Rainfall Variability In Ghana During 1961- 2005

  • CKA Yorke
  • JB Omotosho

Abstract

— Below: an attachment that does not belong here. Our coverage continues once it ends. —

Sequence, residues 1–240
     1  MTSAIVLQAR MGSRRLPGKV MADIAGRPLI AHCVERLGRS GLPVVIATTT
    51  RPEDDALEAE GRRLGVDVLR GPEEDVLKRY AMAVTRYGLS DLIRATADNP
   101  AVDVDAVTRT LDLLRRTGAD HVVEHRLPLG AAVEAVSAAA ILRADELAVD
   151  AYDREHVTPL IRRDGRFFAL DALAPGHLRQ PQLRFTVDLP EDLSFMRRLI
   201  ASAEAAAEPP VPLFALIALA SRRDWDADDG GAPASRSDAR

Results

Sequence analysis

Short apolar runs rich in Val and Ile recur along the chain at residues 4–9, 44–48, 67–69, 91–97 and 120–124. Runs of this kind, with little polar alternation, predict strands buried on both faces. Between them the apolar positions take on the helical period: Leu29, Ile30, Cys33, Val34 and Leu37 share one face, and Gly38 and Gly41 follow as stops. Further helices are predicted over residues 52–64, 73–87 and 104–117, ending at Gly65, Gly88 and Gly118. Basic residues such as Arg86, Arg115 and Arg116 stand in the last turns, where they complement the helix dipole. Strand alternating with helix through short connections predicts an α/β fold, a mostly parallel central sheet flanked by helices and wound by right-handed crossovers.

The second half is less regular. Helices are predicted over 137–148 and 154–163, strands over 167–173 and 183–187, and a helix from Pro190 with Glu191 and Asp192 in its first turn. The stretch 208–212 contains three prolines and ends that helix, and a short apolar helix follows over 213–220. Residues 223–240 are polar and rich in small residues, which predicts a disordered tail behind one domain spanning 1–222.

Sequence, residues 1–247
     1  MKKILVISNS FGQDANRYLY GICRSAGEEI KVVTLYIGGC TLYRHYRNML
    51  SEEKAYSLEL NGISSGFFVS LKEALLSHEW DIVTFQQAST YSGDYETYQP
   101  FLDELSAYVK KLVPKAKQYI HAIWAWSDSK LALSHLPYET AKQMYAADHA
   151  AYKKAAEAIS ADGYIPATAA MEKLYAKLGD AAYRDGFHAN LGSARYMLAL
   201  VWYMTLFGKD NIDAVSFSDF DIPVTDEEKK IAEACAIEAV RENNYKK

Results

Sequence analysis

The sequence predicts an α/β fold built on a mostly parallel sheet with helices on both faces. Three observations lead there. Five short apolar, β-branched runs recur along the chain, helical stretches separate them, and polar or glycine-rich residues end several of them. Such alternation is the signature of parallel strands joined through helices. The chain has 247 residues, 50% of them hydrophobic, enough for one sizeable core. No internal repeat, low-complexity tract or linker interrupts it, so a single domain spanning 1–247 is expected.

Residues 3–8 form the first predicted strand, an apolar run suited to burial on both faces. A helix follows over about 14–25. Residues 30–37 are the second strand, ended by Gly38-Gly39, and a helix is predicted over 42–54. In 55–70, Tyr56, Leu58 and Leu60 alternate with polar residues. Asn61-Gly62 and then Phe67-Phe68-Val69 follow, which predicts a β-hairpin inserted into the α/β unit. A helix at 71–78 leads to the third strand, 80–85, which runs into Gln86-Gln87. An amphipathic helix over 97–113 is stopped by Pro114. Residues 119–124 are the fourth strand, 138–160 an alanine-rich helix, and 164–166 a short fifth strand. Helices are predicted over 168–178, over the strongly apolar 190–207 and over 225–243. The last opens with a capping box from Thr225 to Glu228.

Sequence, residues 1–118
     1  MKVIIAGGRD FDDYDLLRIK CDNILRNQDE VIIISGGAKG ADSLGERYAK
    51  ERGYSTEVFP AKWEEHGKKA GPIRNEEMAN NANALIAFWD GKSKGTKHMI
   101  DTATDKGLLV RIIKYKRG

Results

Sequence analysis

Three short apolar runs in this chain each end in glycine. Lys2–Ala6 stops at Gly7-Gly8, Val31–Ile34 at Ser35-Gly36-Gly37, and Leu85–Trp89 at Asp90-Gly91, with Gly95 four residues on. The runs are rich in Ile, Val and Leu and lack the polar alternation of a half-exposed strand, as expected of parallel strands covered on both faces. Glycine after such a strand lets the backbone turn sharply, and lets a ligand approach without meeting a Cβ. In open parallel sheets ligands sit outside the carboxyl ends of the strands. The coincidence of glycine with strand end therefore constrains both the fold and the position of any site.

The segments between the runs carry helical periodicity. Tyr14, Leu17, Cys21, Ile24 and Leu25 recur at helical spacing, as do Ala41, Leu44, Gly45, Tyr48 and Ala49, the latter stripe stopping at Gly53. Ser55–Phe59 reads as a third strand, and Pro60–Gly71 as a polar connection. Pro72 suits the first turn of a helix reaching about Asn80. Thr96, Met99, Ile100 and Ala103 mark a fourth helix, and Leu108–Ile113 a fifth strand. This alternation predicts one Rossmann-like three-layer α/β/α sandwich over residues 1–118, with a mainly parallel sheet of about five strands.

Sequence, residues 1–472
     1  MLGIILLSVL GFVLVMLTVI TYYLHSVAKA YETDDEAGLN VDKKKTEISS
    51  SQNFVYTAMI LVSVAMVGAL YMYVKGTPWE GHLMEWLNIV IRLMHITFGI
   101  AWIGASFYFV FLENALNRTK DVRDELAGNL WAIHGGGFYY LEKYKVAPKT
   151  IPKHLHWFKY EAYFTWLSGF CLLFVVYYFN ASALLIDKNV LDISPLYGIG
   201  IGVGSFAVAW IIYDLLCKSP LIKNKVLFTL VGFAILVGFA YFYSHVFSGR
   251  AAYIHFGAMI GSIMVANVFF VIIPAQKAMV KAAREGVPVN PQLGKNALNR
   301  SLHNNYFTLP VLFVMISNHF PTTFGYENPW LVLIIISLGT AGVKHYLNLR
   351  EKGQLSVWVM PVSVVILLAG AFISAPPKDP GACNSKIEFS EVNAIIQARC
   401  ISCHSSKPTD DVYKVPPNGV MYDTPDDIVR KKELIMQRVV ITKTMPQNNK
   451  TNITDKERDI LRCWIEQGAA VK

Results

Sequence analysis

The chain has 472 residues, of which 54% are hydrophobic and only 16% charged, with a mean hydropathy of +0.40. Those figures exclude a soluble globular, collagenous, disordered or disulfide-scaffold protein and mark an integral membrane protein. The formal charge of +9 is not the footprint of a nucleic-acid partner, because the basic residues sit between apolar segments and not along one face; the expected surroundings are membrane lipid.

This study uses daily rainfall data for 40-45 years to investigate the extent and nature of vari-ability in the onset, cessation, annual rainfall and length of the rainy season (LRS) over four stations in Ghana (Tamale, Kumasi, Axim and Accra). The study shows that generally, the early onset and late cessation dates that occurred in the 1960s and early 70s and which resulted in long rainy seasons almost everywhere in Ghana have now changed significantly, the onset oc-curring rather late with early cessation since the 1980s. However, cessation for Accra was late from the 90s resulting in slightly longer rainy season. Pentade series of annual rainfall and rainy days also show a significant downward trend at all the stations but particularly more so at Axim. All these have serious consequences for agricultural practices and water resources man-agement, particularly for hydropower generation in the country. Classification of the annual rainfall into wet and dry years and consideration of moisture availability shows significant dif-ferences between years of abundant and deficient rainfall. It was found that wet (dry) years have early (late) onset and late (early) cessation resulting in longer (shorter) rainy season. Also, rain-fall amount and length of the rainy season during dry years are reduced by about 50% and more than 30 days, respectively at all stations. In general, main rainfall begins about 2-months after the moisture influx has attained a maximum value over all stations. The study also shows that dry spells of 10 or more days between rain events occur more frequently in the southern parts of Ghana than the north.
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